The result of all of this background in public relations was evident as FEMA briefed firefighters from other cities who had volunteered to help out in New Orleans. As they watched television sets showing fires raging there, the FEMA representative told them, “Your job is going to be community relations. You’ll be passing out FEMA pamphlets and our phone number.” It could be that the administration was concerned only about protecting its image. But it’s also possible that these poor souls simply didn’t know what else to do and fell back on the only thing they knew.

How do incompetents end up in these often critical government positions? One trait of bureaucratic culture unique to 1600 Pennsylvania Ave. is the tendency to think of the White House as the only part of the government that is truly important. Mike Allen in Time quotes a lobbyist close to the Bush administration who says: “Katrina has shown the incredible weakness of the notion that you can have weak players in key spots because the only people who matter are in the White House. You can’t have a Mike Brown at FEMA unless you can guarantee that there isn’t going to be a catastrophe.” One clue to the collapse of FEMA might have existed in a report released in 2003 by the Partnership for Public Service. They studied the morale of federal employees at each government agency–FEMA ranked dead last.

Although the excellent media coverage of the storm and the failed response has been one of the few hopeful developments in Katrina’s wake, the press does not escape blame either. Why didn’t anyone in the media want to know what was wrong over at FEMA before Katrina? We have done an extensive Nexis search and can only find one article that took a serious look at the agency since Bush came to the White House in 2001. That one was excellent, foreseeing many of the problems that have now become apparent to us all. The story, by Jon Elliston, appeared in North Carolina’s Independent Weekly, a publication that unfortunately does not enjoy wide readership. Still, one would have thought that at least one enterprising editor or reporter from the major media would have seized on the leads provided by the Weekly when it ran one year ago.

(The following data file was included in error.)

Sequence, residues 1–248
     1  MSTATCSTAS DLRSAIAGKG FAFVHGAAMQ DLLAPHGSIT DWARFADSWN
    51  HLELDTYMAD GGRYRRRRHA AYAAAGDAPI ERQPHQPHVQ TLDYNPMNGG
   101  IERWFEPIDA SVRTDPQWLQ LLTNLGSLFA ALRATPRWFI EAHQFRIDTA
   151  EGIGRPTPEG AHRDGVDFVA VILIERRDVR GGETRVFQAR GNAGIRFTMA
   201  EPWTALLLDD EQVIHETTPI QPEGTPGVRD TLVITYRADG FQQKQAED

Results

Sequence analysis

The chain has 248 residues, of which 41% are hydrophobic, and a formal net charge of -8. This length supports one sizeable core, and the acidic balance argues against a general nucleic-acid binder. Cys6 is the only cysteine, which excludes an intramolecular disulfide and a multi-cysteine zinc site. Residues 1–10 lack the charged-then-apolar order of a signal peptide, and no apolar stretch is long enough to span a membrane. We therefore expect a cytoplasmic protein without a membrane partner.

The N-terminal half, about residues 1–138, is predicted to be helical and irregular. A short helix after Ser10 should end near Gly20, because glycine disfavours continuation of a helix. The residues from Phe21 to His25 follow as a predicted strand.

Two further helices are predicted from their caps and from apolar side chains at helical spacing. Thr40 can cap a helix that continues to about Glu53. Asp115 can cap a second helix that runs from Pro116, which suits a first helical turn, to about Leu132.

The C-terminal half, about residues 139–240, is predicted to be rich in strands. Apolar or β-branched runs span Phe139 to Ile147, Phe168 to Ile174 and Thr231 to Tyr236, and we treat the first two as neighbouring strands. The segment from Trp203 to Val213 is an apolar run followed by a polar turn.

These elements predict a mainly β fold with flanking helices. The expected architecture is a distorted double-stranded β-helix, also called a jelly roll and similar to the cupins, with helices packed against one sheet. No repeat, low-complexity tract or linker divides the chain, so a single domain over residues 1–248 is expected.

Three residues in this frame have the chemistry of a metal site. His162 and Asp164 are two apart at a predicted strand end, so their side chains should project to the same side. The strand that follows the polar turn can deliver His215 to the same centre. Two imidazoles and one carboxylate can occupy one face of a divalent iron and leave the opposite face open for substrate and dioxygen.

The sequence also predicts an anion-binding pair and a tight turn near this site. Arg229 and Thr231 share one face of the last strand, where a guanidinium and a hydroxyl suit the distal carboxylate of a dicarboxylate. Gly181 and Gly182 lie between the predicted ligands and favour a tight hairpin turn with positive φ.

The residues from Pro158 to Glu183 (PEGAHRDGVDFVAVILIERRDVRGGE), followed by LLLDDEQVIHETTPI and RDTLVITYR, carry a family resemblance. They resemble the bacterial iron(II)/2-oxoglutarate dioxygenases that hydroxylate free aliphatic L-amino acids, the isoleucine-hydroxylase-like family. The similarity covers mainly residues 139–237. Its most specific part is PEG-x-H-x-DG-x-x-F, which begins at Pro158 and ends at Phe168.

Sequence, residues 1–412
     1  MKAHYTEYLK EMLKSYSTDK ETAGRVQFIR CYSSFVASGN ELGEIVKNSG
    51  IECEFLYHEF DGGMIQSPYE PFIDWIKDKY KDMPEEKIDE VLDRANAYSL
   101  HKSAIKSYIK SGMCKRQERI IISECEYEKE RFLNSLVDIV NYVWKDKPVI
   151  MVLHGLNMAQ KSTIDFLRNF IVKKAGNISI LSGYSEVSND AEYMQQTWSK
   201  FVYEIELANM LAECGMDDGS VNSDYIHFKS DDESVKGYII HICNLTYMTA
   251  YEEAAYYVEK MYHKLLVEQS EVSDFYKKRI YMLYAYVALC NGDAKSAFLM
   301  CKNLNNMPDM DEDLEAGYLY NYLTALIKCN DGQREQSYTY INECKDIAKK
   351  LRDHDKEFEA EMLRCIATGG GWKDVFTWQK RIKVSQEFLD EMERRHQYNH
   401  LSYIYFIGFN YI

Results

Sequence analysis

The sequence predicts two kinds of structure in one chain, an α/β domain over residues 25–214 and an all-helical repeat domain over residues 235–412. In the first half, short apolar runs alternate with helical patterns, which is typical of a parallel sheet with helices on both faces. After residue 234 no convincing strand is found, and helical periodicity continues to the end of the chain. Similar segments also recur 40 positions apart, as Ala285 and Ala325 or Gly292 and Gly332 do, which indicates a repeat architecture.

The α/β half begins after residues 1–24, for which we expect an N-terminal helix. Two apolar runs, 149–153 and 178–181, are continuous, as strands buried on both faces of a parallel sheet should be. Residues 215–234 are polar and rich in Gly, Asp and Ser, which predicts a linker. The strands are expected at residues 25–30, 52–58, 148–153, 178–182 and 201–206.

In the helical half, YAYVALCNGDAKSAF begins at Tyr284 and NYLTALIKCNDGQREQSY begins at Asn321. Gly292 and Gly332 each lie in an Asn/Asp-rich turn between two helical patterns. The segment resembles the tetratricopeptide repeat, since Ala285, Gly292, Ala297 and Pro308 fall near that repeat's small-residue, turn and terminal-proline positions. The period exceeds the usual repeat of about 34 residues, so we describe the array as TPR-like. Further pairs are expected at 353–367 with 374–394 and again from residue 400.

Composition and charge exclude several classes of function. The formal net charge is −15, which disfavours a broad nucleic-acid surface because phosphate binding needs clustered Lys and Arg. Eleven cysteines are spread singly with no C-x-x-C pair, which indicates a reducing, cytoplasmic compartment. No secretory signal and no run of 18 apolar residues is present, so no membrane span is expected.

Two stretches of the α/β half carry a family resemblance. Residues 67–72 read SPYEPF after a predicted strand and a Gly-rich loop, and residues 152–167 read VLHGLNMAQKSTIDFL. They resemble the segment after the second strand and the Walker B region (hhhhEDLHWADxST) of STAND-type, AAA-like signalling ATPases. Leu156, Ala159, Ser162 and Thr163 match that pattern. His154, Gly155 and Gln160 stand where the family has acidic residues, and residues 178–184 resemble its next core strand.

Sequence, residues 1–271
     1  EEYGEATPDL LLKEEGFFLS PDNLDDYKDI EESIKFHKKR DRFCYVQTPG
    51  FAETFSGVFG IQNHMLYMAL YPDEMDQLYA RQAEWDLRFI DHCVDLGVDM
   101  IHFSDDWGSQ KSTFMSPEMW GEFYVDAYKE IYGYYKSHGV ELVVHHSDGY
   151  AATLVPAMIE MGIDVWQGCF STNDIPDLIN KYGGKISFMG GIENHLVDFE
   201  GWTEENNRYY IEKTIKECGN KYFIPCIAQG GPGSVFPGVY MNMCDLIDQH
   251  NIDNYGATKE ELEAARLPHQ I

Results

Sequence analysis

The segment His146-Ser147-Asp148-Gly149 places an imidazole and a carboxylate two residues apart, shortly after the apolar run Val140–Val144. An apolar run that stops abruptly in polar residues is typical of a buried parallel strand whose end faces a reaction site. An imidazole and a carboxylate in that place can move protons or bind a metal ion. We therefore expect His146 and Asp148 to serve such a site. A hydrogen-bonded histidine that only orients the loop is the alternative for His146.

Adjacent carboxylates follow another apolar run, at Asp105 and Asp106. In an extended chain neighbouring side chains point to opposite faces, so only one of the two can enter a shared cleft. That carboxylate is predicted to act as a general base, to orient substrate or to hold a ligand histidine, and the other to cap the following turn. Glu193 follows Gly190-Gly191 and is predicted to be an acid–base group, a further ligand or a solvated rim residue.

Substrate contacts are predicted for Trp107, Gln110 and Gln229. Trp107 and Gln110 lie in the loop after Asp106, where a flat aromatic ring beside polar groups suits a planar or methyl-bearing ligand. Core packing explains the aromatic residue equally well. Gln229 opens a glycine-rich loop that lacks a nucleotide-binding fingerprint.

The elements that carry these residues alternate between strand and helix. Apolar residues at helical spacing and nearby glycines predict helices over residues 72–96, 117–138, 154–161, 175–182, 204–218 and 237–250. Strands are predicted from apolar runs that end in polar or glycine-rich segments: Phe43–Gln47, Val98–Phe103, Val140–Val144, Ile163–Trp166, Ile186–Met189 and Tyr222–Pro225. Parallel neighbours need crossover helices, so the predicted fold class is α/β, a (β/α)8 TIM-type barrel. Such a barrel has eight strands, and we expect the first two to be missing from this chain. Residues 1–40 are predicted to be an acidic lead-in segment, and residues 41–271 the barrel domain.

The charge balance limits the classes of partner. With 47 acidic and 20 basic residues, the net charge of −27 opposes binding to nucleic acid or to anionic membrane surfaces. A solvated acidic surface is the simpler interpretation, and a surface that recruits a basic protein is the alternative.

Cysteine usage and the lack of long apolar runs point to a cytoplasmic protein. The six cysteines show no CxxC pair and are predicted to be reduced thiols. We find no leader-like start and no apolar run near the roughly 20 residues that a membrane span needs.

Even better would have been for news outlets to recognize that this is their job–figuring out if government agencies are doing their jobs and raising holy hell when they don’t. For all of the endless “Fleecing of America”-type reports on the evening news, what we need more than their exposs of minor fiscal scandal is an examination of whether government agencies are performing their missions. Are they doing what they are supposed to do? If not, how can they be fixed? That is the kind of news that concerns millions and millions of us.

Over the years the Monthly has tried to ask the tough questions, to examine–and to goad the rest of the media into examining–the performance of government agencies. Ten years ago, we published a story by Danny Franklin describing how James Lee Witt had raised FEMA out of the disaster of Hurricane Andrew and transformed it into an effective agency. So we should have been among the first to ask ourselves how things could have changed so markedly for the worse. But to our embarrassment, we were not.

I have lived through a good many administrations now, and in my memory there have been only two presidents who have been willing to make a major effort to find out what’s going on in the government outside the White House. The two were Franklin Roosevelt, and John Kennedy, who learned from the Bay of Pigs how to avoid disaster during the Cuban Missile Crisis.